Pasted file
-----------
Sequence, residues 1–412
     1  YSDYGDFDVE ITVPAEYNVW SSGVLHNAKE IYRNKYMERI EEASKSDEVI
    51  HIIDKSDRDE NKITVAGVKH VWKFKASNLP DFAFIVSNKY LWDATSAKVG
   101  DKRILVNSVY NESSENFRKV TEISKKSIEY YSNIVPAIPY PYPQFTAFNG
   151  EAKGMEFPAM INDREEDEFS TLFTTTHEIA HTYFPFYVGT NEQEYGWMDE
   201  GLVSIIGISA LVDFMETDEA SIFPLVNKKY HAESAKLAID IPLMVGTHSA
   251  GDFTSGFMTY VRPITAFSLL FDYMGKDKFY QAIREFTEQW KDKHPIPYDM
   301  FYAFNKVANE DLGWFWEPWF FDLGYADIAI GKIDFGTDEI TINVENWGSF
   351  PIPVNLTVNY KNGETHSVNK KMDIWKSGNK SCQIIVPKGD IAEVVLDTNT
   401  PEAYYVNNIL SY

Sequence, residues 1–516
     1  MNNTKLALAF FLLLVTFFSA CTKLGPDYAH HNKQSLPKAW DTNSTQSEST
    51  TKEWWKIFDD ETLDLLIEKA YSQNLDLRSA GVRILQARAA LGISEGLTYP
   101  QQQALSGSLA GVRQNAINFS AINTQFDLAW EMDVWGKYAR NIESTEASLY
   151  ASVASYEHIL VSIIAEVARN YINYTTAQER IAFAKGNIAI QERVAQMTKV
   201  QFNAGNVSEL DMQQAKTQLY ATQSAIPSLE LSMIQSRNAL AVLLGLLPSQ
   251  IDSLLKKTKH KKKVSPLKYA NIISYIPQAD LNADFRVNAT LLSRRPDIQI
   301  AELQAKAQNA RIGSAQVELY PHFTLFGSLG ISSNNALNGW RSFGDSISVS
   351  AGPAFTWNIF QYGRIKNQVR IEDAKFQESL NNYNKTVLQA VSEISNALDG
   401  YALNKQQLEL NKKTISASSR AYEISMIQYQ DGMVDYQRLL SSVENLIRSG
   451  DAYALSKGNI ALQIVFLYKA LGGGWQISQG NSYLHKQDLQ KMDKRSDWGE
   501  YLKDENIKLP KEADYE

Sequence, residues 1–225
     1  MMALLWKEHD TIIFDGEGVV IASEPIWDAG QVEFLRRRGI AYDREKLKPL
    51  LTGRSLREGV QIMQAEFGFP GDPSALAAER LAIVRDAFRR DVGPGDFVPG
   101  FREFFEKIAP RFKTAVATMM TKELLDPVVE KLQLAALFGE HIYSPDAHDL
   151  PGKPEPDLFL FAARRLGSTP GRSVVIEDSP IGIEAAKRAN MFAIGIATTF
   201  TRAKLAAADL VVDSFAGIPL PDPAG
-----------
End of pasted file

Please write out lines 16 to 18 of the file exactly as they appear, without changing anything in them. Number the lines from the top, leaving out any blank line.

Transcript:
   201  QFNAGNVSEL DMQQAKTQLY ATQSAIPSLE LSMIQSRNAL AVLLGLLPSQ
   251  IDSLLKKTKH KKKVSPLKYA NIISYIPQAD LNADFRVNAT LLSRRPDIQI
   301  AELQAKAQNA RIGSAQVELY PHFTLFGSLG ISSNNALNGW RSFGDSISVS